I was recently approached for an unusual assignment: Redo illustrations for two books I originally illustrated back in the early 90′s.
The art director wrote:
The books are almost 20 years old, so we are looking to update the art to give them a fresh, modern look. Since you are the creator of these characters, I want to ask if you might be interested in giving them a makeover. You can keep the concepts as is. I just want art to be in digital format, so we have more flexibility to use the art.
The job was described as a “re-fresh”, but it was, in reality, a complete “re-do”.
I did the original illustrations in 1994, in pen & ink and Dr. Martin’s concentrated watercolors.
The publisher wanted the art to be redone digitally.
For the past couple of years, I’ve been using a bold line with a flat color treatment.
I sent the art director this recent sample and asked her if the style would work.
I think this style will be OK.
The work “think” should have made me pause.
Instead, I interpreted it as a green light to do the line art.
So, I happily proceeded to complete all the line art, for all 24 illustrations, in that bold style.
They were returned with comments.
It seemed the art director held a pow-wow with her colleagues and her “OK” was not the majority opinion. Some felt the line used in the original art was more appropriate, and my new line quality was “too thick and busy looking.”
The moral of this story? ”Don’t be bold. Be shaky. Like you once were.”
An assignment like this is somewhat confusing. Here’s why.
The illustrator is asked to revisit his past, yet utilize tools that are, in some ways, foreign to the look and feel of the original. As people making creative work, we evolve and change. Revisiting old stuff is an odd experience. I found myself struggling with how much of the new me was willing to be the old me.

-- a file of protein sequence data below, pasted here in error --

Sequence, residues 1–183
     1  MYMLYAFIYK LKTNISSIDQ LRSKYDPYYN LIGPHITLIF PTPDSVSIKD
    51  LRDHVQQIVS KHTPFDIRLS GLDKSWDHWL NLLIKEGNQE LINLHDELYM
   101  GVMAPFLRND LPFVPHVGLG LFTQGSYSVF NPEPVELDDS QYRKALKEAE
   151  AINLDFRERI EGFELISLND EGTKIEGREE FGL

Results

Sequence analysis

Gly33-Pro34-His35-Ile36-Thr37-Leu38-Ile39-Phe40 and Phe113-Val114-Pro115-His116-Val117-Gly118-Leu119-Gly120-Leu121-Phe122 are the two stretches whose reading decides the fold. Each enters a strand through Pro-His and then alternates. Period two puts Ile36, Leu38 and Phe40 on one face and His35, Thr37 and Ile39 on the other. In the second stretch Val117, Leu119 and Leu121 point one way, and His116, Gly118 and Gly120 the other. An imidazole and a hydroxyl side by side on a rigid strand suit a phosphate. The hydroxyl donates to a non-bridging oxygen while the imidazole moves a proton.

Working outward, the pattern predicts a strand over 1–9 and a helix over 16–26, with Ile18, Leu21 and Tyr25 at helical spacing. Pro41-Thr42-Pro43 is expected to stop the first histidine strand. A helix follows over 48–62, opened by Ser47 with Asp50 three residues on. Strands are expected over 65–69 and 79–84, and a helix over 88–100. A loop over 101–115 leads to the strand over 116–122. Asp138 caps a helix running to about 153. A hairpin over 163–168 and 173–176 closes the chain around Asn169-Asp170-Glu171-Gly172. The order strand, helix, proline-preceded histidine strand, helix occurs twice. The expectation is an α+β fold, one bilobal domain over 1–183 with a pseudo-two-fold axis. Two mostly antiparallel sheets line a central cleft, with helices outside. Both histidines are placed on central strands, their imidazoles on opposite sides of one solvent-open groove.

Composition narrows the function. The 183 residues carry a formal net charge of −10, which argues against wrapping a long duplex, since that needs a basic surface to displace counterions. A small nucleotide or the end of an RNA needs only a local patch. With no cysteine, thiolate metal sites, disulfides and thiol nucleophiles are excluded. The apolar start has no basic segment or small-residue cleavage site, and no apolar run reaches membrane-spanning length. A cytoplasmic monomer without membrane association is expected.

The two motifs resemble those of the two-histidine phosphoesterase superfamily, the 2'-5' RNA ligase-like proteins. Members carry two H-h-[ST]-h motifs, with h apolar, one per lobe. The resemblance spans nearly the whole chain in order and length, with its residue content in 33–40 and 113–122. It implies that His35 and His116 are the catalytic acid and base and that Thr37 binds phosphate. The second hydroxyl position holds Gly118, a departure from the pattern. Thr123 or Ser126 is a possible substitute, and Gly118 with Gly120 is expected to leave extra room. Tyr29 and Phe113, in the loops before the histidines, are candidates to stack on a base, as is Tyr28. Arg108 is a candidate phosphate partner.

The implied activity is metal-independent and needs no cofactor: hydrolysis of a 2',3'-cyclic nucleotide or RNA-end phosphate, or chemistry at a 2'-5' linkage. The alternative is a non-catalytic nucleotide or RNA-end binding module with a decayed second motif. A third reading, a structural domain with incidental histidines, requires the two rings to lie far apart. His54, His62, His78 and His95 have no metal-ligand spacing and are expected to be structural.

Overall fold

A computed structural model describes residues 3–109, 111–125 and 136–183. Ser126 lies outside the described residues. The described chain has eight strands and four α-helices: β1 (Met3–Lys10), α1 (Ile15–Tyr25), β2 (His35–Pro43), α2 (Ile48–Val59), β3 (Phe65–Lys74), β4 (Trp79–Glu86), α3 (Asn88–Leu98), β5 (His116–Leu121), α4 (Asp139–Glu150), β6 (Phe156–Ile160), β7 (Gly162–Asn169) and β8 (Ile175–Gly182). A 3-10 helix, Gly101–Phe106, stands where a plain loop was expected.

But I had accepted the project. Now it was time to figure out how to solve this visual problem, satisfy the client, and try to enjoy the process.
Here’s a sample of the original book I illustrated in pen and watercolor.
They didn’t like bold line in my first redo.
I did a second version using a thinner line with this more nervous quality. The line starts and stops and has little tic marks. I changed some the characters slightly, but tried to retain the personality of the originals.
The digitally created color was somewhere between flat and a wash. Using the WACOM pen and tablet, I laid the color on its own separate layer, under the line art.
So, here is what it looks like when you merge the two layers. The background is on a third layer. This gives the publisher flexibility to use this background or not.
Attempting to duplicate something in a different format is a conundrum.
Same, but different? It is an imprecise matter of degrees. How far do I depart from the original?
And it’s tough to beat the spontaneity of a watercolor brush on a sheet of paper.
The computer has been both a blessing and a curse for illustration. I have to laugh to myself when I pick up a “paintbrush tool” and do some “airbrushing” on the iMac.
Those of us who have actually used a Paasche airbrush, recall the smell of rubber cement and rubylith, have a collection of sable brushes and dried out bottles of Dr. Martin’s Watercolors — we sometimes have to shake our heads and wonder, “What in the hell just happened?”
Progress is inevitable, but is it always an improvement? I think this is a valid question we all need to ask ourselves.
Here are a few more back-to-back THEN and NOW illustrations: